Inflation is bad — and it could get worse before it gets better.
- Inflation has been rampant since mid-2021.
- The omicron variant could send inflation levels up even higher for one big reason.
It’s hardly a secret that it’s gotten way more expensive just to function these days. Everything from gas to groceries to utilities costs more than usual, and we can thank inflation for that.
To be clear, inflation isn’t a new concept; it’s natural for the cost of goods to rise over time. The problem, however, is that inflation levels have jumped substantially in a relatively short period of time, leaving consumers on the hook for much higher costs than their paychecks can easily handle. In fact, right now, those living paycheck to paycheck without money in savings risk landing in serious debt just to make ends meet.
Now at some point, inflation levels are apt to start declining. But that may not happen for quite some time. In fact, the National Retail Federation’s Chief Economist, Jack Kleinhenz, recently sounded a warning about inflation — that things will get worse before they improve.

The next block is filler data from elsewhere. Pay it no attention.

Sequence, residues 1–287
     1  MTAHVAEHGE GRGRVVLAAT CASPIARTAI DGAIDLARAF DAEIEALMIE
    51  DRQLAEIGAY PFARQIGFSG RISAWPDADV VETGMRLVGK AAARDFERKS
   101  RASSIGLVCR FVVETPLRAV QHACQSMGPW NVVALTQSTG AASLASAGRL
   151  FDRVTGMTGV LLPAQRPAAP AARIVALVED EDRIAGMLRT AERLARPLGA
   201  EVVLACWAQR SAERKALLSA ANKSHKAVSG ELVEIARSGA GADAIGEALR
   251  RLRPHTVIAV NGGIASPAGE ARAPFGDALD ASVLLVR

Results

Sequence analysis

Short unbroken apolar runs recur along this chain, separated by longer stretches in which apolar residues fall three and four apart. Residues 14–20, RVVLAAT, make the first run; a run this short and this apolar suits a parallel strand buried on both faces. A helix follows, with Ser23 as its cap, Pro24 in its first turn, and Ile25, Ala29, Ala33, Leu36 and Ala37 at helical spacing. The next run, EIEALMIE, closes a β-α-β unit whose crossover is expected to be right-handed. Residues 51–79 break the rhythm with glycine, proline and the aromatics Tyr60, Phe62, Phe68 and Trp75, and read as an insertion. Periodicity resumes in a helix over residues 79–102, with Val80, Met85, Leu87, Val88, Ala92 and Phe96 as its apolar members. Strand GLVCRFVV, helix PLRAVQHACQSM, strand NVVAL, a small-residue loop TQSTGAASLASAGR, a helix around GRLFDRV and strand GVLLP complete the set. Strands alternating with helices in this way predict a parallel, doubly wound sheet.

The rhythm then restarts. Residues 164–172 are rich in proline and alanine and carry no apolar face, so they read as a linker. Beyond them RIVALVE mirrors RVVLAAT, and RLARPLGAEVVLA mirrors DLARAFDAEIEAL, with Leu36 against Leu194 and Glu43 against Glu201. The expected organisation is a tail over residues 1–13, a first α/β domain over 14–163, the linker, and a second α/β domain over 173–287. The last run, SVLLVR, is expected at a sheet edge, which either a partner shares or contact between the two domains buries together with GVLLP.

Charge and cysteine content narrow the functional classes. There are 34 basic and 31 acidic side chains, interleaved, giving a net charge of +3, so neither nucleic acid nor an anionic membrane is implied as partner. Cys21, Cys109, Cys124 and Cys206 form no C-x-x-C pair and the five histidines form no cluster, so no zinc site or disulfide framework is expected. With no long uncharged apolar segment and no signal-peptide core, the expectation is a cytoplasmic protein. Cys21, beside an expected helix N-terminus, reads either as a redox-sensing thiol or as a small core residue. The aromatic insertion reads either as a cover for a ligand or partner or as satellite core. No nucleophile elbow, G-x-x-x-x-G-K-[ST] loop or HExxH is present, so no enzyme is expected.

Why inflation levels could continue to spike
A big reason the cost of consumer goods has risen is that the demand for them has outpaced supply. Now, when we dig a little deeper, it’s easy to make the argument that rampant inflation is actually a sign of a healthy economy because it signifies that consumers finally have more money to spend and simply need more products to spend it on.
The problem, however, is that those living paycheck to paycheck can’t easily absorb an uptick in expenses the way higher earners or well-off people can. And so a lot of people are hurting financially right now, despite the economy being pretty strong.
Meanwhile, in case you hadn’t noticed, there’s a pesky little coronavirus variant called omicron that’s been fueling a surge in cases. Kleinhenz thinks the current COVID situation will lead to an uptick in people staying home and spending more money on goods, as opposed to in-person entertainment. That could, in turn, put even more pressure on supply chains and create a wider supply-demand gap. The result? Higher prices.
Of course, the good news in all of this is that so far, omicron hasn’t resulted in any of the extreme economic shutdowns we saw early on in the pandemic. Widespread unemployment may be less …….